• [0045]
    In the foregoing detailed description, various features are occasionally grouped together in a single embodiment for the purpose of streamlining the disclosure. This method of disclosure is not to be interpreted as reflecting an intention that the claimed embodiments of the subject matter require more features than are expressly recited in each claim. Rather, as the following claims reflect, invention may lie in less than all features of a single disclosed embodiment. Thus, the following claims are hereby incorporated into the detailed description, with each claim standing on its own as a separate preferred embodiment.

Claims (26)

  1. 1. A method comprising:
    enabling a mobile station in a broadband wireless access network to access a selected one of a plurality of content channels while said mobile station is in idle mode.
  2. 2. The method of claim 1 including allocating only one multicast connection identifier is provided to mobile stations per multicast broadcast service zone.
  3. 3. The method of claim 2 including allocating a multicast connection identifier from an access network.
  4. 4. The method of claim 3 including allocating said identifier from an access service network.
  5. 5. The method of claim 4 including allocating said identifier using a multicast broadcast service controller.
  6. 6. The method of claim 2 including allocating a multicast connection identifier from a core network.
  7. 7. The method of claim 6 including allocating a multicast connection identifier from a core service network.
  8. 8. The method of claim 7 including allocating a multicast connection identifier using a multicast broadcast service server.
  9. 9. The method of claim 2 including allocating logical channel identifiers from a core network.
  10. 10. The method of claim 9 including using content identifier service type-length type values as logical channel identifiers.
  11. 11. The method of claim 2 including using a proxy Internet Group Management Protocol client in a core service network to enable a mobile station to sign up for a multicast session.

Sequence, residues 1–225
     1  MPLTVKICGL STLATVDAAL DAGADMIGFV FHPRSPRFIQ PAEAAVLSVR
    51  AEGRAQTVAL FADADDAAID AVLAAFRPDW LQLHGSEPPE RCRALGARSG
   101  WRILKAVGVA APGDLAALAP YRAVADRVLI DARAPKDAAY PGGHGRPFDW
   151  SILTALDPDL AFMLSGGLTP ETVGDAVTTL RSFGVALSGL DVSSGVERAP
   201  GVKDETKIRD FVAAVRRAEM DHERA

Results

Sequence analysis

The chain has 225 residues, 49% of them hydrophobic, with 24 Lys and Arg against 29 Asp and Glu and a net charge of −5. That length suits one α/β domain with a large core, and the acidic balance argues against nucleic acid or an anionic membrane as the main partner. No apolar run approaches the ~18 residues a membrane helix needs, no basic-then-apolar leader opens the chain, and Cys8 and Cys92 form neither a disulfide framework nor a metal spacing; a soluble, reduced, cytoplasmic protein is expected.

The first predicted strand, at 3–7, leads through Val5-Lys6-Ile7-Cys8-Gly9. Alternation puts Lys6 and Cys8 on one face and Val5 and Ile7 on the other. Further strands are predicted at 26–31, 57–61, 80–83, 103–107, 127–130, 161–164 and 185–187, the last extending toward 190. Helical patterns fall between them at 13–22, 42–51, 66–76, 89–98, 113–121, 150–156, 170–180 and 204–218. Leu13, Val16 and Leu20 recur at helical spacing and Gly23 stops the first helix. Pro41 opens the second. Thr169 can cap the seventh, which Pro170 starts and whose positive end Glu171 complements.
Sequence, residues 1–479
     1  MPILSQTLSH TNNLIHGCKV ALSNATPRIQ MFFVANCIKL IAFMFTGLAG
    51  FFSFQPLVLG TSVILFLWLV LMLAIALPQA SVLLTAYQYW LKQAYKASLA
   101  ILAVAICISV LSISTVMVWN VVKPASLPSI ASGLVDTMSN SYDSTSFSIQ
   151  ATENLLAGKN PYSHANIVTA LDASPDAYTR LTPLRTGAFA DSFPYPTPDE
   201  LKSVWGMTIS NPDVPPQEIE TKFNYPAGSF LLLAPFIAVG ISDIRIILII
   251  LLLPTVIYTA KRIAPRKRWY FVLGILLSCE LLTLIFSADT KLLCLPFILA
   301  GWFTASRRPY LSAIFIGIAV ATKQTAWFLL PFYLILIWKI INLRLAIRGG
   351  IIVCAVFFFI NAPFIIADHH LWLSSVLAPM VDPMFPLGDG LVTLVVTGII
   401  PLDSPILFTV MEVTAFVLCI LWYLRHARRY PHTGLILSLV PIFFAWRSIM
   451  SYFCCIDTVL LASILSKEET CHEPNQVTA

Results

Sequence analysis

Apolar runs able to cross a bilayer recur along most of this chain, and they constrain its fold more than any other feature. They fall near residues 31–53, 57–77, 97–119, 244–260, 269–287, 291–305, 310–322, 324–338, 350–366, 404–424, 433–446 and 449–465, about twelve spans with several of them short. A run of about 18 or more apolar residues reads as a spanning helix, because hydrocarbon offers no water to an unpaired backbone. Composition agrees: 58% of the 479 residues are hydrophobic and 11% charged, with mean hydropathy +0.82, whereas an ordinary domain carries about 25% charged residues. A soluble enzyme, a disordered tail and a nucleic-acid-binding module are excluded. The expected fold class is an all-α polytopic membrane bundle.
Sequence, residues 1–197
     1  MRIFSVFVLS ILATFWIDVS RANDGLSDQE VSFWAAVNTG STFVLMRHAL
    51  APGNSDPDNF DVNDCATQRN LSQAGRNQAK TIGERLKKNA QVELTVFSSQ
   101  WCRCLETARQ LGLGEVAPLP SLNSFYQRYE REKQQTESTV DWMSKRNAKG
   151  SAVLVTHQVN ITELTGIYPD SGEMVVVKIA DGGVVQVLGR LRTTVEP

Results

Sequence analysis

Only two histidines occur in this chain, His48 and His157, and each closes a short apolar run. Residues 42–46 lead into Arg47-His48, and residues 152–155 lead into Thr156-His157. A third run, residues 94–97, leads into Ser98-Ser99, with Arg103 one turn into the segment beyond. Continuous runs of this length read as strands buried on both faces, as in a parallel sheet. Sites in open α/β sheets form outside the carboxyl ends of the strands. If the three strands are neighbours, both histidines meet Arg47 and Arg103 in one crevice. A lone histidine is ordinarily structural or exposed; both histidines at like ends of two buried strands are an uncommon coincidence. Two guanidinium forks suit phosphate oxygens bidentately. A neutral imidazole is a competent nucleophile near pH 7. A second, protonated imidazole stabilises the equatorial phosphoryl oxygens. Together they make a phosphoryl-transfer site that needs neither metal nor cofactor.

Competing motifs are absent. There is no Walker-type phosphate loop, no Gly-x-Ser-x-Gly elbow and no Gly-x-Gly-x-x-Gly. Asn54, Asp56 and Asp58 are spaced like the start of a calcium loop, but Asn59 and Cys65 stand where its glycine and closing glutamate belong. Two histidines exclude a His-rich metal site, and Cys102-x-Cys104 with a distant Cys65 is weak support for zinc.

12. 12. A broadband wireless access network comprising:
    a multicast broadcast service controller;
    an access network gateway; and
    said network to enable a mobile station to select one of a plurality of channels without making a transmission.
  13. 13. The network of claim 12, said controller to allocate only one multicast connection identifier to mobile stations per multicast broadcast service zone.
  14. 14. The network of claim 12 wherein said controller to enable said mobile station to select a channel while said station is in an idle mode.
  15. 15. The network of claim 13 wherein said network is an access service network.
  16. 16. A core network comprising:
    a multicast broadcast service server;
    an authentication, authorization, accounting server; and
    said network to allocate logical channel identifiers.
  17. 17. The network of claim 16, said network to allocate multicast connection identifiers.
  18. 18. The network of claim 16, said network being a core service network.
  19. 19. The network of claim 16 including a proxy Internet Group Management Protocol client to enable mobile station to sign up for a multicast session.
  20. 20. A system comprising:
    a core network including an authentication, authorization, accounting server;
    an access network coupled to said core network, said access network including a multicast broadcast service controller; and
    said system to enable mobile stations to select channels without the need to make a transmission.
  21. 21. The system of claim 20, said controller to allocate only one multicast connection identifier to mobile stations per multicast broadcast service zone.
  22. 22. The system of claim 20 wherein said controller to enable said mobile station to select a channel while said station is in an idle mode.
  23. 23. The system of claim 21 wherein said access network is an access service network.
  24. 24. The system of claim 20, said access network to allocate multicast connection identifiers.
  25. 25. The system of claim 20, said core network being a core service network.
  26. 26. The system of claim 20, said core network including a proxy Internet Group Management Protocol client to enable mobile station to sign up for a multicast session.
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KR20097021830A KR101124757B1 (en) 2007-04-20 2008-04-04 Locating content in broadband wireless access networks
JP2010503130A JP2010524401A (en) 2007-04-20 2008-04-04 Location specific content in a broadband wireless access network
EP20080745077 EP2140633A4 (en) 2007-04-20 2008-04-04 Locating content in broadband wireless access networks
PCT/US2008/059350 WO2008130817A1 (en) 2007-04-20 2008-04-04 Locating content in broadband wireless access networks
CN 200880012834 CN101669331B (en) 2007-04-20 2008-04-04 Method and system for locating content in broadband wireless access networks
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WO2010125460A1 (en) * 2009-05-01 2010-11-04 Nokia Corporation Systems, methods, and apparatuses for facilitating multicarrier and multicast and broadcast service coordination